The solution applied by the Fed was novel and repeated expensively: Quantitative Easing cost taxpayers multiple trillions of printed dollars. The money was distributed to the failed banks who invested it in equities to boost their paper value. 

It was needed by and should have been given to the people who were evicted, with about 10 million Americans displaced from multiple millions of homes.

It should be noted that the Great Recession was really caused by inflated home prices and wildly fluctuating adjustable-rate mortgages sold to otherwise ineligible households.

Subsequently, inflation became a reality after the economy cooled due to the shutdown of commerce during the global Covid SARS-2 pandemic. The paper value of the equities purchased by the banks has plummeted in large part because the Federal Reserve has imposed controls on the money supply (read: putting the brakes on the money supply by increasing interest rates for loans...and killing job formation.) The free-and-easy chickens have come home to roost.

Now it’s unregulated shadow banks (e.g., Silicon Valley and Signature Banks) that are threatening collapse to our economy.  After the 2008 financial apocalypse, Sen. Chris Dodd of Connecticut and Rep. Barney Frank of Massachusetts drafted the legislation to rein in Wall Street speculation. 

The Dodd-Frank bill was supposed to re-apply government regulations to monitor the dalliances of commercial and investment banks that used to be kept separate by the depression-era Glass-Steagall Act, which was repealed when Bill Clinton signed the bank-deregulating Gramm-Leach-Bliley Act in 1999. 

Dodd is now a lobbyist at the white shoe law firm of Arnold & Porter, specializing in financial services. Barney Frank is now on the board of the recently raided and shuttered Signature Bank; he lobbied Congress to allow the bank to evade the scrutiny of regulators. The corporate fox was guarding the free-and-easy hen house.

Barbaric healthcare systems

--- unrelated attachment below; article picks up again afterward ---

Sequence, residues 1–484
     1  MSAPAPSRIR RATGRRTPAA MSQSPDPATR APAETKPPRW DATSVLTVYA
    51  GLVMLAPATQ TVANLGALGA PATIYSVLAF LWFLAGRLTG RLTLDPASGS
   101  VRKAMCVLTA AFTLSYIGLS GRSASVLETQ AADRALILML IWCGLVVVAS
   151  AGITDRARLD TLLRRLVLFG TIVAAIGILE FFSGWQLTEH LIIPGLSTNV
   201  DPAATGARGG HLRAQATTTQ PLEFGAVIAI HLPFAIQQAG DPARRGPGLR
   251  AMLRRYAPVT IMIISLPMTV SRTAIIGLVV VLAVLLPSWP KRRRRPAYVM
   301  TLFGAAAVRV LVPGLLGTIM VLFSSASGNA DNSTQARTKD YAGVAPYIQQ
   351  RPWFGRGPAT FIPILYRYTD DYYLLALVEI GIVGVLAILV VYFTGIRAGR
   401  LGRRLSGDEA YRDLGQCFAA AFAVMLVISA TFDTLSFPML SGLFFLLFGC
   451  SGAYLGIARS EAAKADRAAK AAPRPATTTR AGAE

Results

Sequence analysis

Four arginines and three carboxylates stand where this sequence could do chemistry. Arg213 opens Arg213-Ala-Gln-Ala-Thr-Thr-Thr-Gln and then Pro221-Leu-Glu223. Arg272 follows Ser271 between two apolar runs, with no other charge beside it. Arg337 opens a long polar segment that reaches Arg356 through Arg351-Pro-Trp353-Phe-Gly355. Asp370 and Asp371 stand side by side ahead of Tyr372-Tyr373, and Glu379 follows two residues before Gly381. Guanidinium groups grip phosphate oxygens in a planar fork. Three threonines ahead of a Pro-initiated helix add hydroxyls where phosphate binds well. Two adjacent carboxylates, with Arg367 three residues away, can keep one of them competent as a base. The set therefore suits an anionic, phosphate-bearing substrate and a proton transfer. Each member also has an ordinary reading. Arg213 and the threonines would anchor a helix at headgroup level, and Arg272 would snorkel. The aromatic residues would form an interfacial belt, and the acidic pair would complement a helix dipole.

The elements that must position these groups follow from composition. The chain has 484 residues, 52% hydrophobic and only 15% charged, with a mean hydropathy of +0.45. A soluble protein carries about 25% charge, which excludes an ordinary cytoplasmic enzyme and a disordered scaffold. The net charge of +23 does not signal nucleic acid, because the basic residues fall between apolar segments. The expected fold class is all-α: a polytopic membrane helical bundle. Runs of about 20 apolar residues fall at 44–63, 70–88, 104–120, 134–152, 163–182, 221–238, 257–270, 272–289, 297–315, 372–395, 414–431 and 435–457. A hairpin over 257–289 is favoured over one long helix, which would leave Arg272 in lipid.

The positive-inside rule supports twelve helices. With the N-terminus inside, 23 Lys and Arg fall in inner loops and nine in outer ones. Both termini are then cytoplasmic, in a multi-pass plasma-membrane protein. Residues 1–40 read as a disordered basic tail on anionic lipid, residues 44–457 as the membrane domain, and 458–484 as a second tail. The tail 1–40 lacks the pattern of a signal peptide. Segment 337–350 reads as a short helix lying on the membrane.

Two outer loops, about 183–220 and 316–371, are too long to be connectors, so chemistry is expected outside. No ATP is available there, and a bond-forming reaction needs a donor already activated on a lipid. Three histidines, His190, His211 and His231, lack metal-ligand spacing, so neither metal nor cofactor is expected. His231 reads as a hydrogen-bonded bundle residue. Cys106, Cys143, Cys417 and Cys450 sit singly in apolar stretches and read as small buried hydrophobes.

With this fiscal template, it’s easy to be a corporation in America. On the other hand, it’s brutal being a person, a child, a father, or a mother. 

In just three years (2018-2021) U.S. maternal mortality rates have doubled overall, with black mothers at more than twice that rate. These are the worst health outcomes in the developed world.  Yet our healthcare is the most expensive, more than double the cost of most all other countries.

Military spending

The U.S. spends more on its military than the next ten nations on the planet.  Wall Street lobbyists, the source of most political campaign contributions, serve to distract representatives’ attention away from Main Street. 

Continuing bank failures ensconced in a culture of fiscal wastefulness

The current bank failures are like a street-side shell game where distractions rule. It is as though public institutions expect an obeisant body politic to just go with the flow. 

Wasteful spending in our schools, health centers and hospitals, military organizations, banks and other financial institutions is permissible because that’s the cost of doing business. This is a free country that worships free markets, while eschewing any regulating activity that is perceived to be an incursion upon personal (read: corporate) freedom.

A growing consensus unites us against greed and catastrophe

Meanwhile, there is a growing consensus between the political left and right that bureaucracy needs to be replaced with self-governance. Americans have a real job to do and must work diligently toward the goal of maintaining a vibrant and humane democracy. 

Otherwise, greed and its catastrophic sequelae will prevail.
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1 comment

D.J. Blutarsky said...

Although I often disagree with his points, I appreciate the time and effort Mr. Monasky puts into his editorial contributions. His latest piece covers a lot of ground, but I like the way he takes a national issue and applies it down to the local level as well. 

The common thread that Mr. Monasky didn't mention is voter apathy, but one I'm sure his writings are intended to help fix. You cannot tell me that our local "leaders" haven't taken advantage of the political apathy that runs through the veins of our city. Our Gang of Five and their CSD counterparts orchestrated a masterful sleight of hand in getting Measure E passed.

Promising to cure the ills they created, such as traffic congestion, substandard emergency response time, and overall quality of life if voters approve a sales tax increase on themselves--but after its passage, stating that economic development and the zoo are their top priorities was a masterful stroke of incompetent genius! But, don't fret, they hand picked a citizen Oversight Committee to look out for our money!

The City seal may say, "Proud Heritage, Bright Future", but to me we are beginning to look more like Daktari and Clarence the Cross-Eyed Lion!